Sunday, November 6, 2011
UK to Impose Gay Rights on Uganda While US Imposes Homophobia
Some may be disappointed by David Cameron's attempt to influence countries that make homosexuality illegal by threatening to cut off foreign aid. Uganda feels that Britain is bullying them and treating Ugandans like children, and I agree. I think homosexuals should be entitled to do whatever they do as long as it doesn't infringe on the rights of others. Nor do I think people expressing their sexuality in whatever way they choose constitutes an infringement on the rights of others.
But why should money that is supposed to be used to improve health, education, social services and infrastructure be used to threaten the government to pass legislation that suits current tastes in Britain? If aid is just a tool to get developing countries to become 'model states' in the eyes of Western countries, this is unlikely to work any better now than it has in the past.
Are Cameron and other Western leaders going to produce a list of desiderata, which can be ticked off as developing countries comply and be rewarded with another project, program, scheme or plan, and a handful of brownie points? The problem with aid in its current form is that it is not working very well. Some might say that is does work, it's just that it was never intended to work for developing countries, that the beneficiaries of foreign aid are the donor countries. That may be so, but what does that have to do with gay rights, or any rights?
Throwing money at the latest CNN moment, Aids, famines, earthquakes, hurricanes and tsunamis, is what it is, sheer posturing. But would Cameron and his fellow statespeople consider it acceptable to say to a country currently being devastated by a disaster, that aid money will be sent as soon as they improve their gender equality situation or their use of child labor (which is probably of far greater benefit to western countries than it is to developing countries)?
People here, and anywhere, can be whipped up into a frenzy about gay rights and all sorts of other things. But these are not the biggest day to day worries faced in poor countries. There's poverty, bad health, low educational standards, rotten infrastructure, inequalities of all kinds, failing governance, corruption and lots of other problems. Gay rights in Uganda are a political issue that can be milked for what it's worth or ignored, whichever political leaders and opinion makers choose at a particular time.
All Cameron is doing is adding to the frenzy. Instead of kicking someone for being gay, they can be kicked for threatening foreign aid monies. But no Ugandan politician, or politician of any country, is just going to back down and say, 'OK, we'll rewrite our legislation, sorry about that'. Bribing and threatening national administrations is not the way to change the attitudes of entire countries and it makes Cameron, and the UK, look stupid. It makes them look as if they don't really understand the concept of 'human rights'.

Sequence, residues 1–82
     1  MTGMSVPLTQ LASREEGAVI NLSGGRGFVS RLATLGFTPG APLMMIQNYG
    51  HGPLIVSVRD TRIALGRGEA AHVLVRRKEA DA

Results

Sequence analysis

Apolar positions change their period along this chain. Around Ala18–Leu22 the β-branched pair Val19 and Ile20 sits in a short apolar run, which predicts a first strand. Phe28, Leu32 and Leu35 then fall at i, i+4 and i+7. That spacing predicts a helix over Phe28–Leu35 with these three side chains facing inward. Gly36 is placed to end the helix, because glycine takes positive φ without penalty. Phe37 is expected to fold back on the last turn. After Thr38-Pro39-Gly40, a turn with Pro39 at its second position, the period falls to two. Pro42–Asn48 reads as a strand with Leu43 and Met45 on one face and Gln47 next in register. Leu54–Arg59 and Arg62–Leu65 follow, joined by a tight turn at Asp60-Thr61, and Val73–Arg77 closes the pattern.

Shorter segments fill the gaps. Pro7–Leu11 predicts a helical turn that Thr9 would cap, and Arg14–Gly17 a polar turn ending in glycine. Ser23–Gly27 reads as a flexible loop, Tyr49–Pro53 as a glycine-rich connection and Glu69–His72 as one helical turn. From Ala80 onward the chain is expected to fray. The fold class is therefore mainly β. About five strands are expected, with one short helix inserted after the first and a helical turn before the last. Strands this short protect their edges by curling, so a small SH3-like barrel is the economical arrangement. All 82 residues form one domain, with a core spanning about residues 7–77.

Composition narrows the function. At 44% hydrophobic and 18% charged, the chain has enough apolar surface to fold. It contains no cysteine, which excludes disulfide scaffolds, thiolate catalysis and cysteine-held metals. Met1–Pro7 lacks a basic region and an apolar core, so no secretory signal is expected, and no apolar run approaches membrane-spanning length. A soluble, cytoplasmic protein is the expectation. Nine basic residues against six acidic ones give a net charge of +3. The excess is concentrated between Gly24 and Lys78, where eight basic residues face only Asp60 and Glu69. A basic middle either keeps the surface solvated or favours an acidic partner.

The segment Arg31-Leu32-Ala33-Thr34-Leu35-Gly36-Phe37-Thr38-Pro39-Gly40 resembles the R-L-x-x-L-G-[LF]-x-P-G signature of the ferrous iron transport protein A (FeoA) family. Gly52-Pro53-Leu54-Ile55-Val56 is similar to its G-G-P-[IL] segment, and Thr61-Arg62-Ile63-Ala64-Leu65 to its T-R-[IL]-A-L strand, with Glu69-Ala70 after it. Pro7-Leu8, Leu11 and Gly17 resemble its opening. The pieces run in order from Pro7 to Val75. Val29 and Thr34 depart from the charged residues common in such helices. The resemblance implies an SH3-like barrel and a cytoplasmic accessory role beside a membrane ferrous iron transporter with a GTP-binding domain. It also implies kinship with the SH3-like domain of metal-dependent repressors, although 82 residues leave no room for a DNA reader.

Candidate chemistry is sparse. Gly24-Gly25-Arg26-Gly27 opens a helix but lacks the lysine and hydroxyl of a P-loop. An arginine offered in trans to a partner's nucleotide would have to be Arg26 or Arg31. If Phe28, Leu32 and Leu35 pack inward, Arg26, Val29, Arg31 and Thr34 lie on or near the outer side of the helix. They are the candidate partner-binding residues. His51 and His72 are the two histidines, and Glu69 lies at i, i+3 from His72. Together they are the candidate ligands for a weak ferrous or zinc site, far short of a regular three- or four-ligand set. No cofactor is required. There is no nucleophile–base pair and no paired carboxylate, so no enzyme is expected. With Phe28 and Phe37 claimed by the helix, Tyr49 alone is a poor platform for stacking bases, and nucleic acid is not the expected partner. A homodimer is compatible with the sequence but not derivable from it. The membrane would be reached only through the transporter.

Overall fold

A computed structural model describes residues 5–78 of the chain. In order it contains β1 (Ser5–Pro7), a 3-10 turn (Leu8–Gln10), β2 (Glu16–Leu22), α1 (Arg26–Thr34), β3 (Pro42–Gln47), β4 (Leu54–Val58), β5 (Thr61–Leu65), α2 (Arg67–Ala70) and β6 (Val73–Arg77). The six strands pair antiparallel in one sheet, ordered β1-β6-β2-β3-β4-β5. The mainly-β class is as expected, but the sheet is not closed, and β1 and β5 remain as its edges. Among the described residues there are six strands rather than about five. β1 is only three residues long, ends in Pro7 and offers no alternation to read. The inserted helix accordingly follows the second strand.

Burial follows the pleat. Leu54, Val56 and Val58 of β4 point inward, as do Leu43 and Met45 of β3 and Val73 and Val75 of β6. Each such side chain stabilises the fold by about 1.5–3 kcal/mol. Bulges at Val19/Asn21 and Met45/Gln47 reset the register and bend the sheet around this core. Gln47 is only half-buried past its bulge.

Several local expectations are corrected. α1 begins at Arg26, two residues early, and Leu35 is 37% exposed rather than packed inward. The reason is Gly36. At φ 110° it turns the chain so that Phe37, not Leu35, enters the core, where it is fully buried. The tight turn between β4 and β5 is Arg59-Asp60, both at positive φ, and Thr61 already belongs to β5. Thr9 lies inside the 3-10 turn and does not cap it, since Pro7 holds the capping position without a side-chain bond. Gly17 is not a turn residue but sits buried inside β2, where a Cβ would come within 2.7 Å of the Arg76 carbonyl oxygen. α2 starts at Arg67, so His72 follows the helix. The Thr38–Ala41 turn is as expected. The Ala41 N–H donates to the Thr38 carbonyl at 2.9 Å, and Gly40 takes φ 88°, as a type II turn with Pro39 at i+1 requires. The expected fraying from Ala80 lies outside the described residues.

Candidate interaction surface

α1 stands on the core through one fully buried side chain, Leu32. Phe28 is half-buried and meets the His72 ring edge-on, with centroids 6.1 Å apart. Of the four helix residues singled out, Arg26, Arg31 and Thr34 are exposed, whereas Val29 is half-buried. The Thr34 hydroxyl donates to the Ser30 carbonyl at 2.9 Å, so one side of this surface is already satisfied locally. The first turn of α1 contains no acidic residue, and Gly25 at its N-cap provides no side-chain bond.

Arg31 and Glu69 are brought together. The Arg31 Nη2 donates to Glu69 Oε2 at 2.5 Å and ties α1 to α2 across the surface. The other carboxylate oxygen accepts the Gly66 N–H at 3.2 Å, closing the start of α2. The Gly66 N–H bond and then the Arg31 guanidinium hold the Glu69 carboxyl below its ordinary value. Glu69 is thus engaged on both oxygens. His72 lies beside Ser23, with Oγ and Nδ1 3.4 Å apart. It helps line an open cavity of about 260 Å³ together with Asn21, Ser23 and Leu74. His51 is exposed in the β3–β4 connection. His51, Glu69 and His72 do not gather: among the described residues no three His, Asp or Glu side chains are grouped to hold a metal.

Cameron needs to go back to the drawing board. Threatening a country with suspension of aid, whatever kind of aid is involved, is not a way of bestowing rights on a population. Rather, it's just another way of taking away people's rights. No doubt, Cameron's tabloid reading supporters will be delighted, but he should keep his tabloid deplomacy for the UK, where he has a democratic mandate.
Interestingly, the BBC reminds us that "Some 41 nations within the 54-member Commonwealth have laws banning homosexual acts. Many of these laws are a legacy of British rule." The problem is not that former British colonies are refusing to be spoonfed, just that they now choose which of the spoonfuls to swallow and which to spit out.
What Cameron could do is go and have a word with his American puppet masters, who have done a lot to stir up the anti-gay fervor in the first place. But before that, he'll have to withdraw his idiotic remarks about withholding aid in return for 'gay rights' in Uganda. Otherwise, rights are whatever those paying the most say they are. Unfortunately, he's going to have to go through quite a transformation to follow this logic.
Posted by Simon at 5:17 PM
Labels: aids, blood- borne risks, cosmetic services, David Cameron, homophobia, homosexuality, hospital acquired HIV, hospital transmitted HIV, iatrogenic, neo-colonialism, nosocomial, prejudice, risk, stigma, Uganda
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True; but at least he has thought about it at all, that's a start. Or maybe he is just looking desperately for an excuse to cut funding, which is less useful!
Hi Claire. He might have started thinking but he didn't finish before he opened his mouth. You can't grant one right by denying another. I don't think they need an excuse to cut funding, they'll do that anyhow.
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